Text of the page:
In 1915 Wegener published his theory about continental drift which later became known as plate tectonics. He claimed about 300 million years ago, the continents had formed a single mass, called Pangaea. Pangaea had split, and its pieces had been drifting away from each other ever since.
Wegener was not the first to suggest that the continents had once been connected, but he was the first to present extensive evidence from several diverse fields.
Reaction to Wegener's theory was almost uniformly hostile from the established scientific club. He persevered by applying the fields of thermodynamics, the emerging field of radioactivity and geology; fields he mastered through time and diligence.
Once again we find established scientist protective of their area of expertise by brutally attacking Wegener’s theory. It was not until the late fifties or early sixties his theory was generally accepted. It’s a shame that he never lived to see his work accepted as Wegener died in 1930.
3. Our final illustrative story happened in the early 1970’s when a young geologist named Walter Alvarez noticed a pronounced layer of reddish clay between two layers of limestone. He took a sample of this clay and asked a nuclear chemist friend of his, Frank Asaro, to analyse it in an effort to better understand its composition.
Frank Asaro the nuclear chemist and Walter Alvarez the geologist determined the clay contained a high concentration of a very rare element called iridium, an element only found in space objects, like meteorites, comets, or asteroids. They immediately came to the conclusion that a large object collided with the earth approximately 65 million years ago causing the mass extinctions of the dinosaurs in a short period of time. It was conclusive, was it not?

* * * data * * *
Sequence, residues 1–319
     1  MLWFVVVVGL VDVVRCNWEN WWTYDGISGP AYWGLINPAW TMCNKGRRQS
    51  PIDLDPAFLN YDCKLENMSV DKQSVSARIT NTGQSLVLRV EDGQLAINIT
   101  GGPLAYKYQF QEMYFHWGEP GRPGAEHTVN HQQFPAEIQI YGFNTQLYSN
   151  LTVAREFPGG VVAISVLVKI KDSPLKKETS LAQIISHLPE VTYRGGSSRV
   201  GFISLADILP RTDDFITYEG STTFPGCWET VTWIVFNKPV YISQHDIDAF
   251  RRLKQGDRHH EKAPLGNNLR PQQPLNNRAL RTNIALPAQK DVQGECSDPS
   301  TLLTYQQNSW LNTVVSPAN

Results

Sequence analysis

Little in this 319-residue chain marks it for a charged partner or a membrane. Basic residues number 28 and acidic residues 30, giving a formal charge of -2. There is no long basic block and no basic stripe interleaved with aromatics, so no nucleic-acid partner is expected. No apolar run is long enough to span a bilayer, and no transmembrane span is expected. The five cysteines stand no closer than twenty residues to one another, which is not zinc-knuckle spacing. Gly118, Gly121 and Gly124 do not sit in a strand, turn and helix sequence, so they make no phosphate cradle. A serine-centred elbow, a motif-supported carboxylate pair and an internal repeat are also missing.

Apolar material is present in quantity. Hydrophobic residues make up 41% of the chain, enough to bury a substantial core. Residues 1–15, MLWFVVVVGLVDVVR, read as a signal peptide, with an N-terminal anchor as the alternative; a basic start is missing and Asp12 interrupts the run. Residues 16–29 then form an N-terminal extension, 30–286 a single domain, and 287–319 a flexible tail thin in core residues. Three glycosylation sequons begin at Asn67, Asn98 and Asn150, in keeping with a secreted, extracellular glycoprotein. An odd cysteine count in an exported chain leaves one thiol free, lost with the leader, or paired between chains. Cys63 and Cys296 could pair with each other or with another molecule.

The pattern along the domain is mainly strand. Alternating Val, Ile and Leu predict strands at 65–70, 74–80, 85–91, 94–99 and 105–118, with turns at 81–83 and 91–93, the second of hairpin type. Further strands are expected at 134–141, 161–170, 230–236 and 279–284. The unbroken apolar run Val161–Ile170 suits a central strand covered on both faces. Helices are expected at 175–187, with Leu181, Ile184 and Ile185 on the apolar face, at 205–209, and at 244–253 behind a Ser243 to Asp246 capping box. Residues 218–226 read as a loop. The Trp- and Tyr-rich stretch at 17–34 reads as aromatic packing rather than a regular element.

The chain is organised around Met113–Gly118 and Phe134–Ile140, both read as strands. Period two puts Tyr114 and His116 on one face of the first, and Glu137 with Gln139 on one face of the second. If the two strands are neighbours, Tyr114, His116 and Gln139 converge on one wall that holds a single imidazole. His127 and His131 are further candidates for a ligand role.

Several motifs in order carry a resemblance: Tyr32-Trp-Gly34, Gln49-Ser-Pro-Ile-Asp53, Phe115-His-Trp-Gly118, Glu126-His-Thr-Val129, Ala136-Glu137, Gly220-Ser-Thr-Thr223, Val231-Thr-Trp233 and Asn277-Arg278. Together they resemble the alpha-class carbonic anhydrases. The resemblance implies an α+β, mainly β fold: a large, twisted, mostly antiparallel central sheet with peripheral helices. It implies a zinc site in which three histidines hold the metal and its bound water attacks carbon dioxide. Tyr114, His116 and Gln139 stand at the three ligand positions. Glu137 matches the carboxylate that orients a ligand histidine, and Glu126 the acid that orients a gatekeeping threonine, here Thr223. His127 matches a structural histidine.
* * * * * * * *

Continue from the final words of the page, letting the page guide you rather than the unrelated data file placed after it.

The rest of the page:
However, the paleontological community of scientists thought this information was an outrageous heresy. The ‘accepted theory’ of the time was that the dinosaurs had died out over millions of years, not in a quick extinction. The consensus of the paleontological community was united in questioning this meddling in their area of expertise.
It was around 1990 when a geologist, named Gene Shoemaker, discovered an impact crater near the Yucatan coast of Mexico which had high levels of iridium. When confronted with the crater discovery palaeontologists still had a hard time accepting that they were wrong. Gene Shoemaker noted, “It was like our findings were against their religion.”
Twenty years elapsed between the discovery of the iridium clay layer and the locating of the impact crater before a majority of the paleontological community gave their blessing to this new science.
The final illustrative science story is about Trofim Lysenko, a Russian agronomist during Stalin’s era. Lysenko rejected Mendelian genetics in favour of his so-called hybridization theories.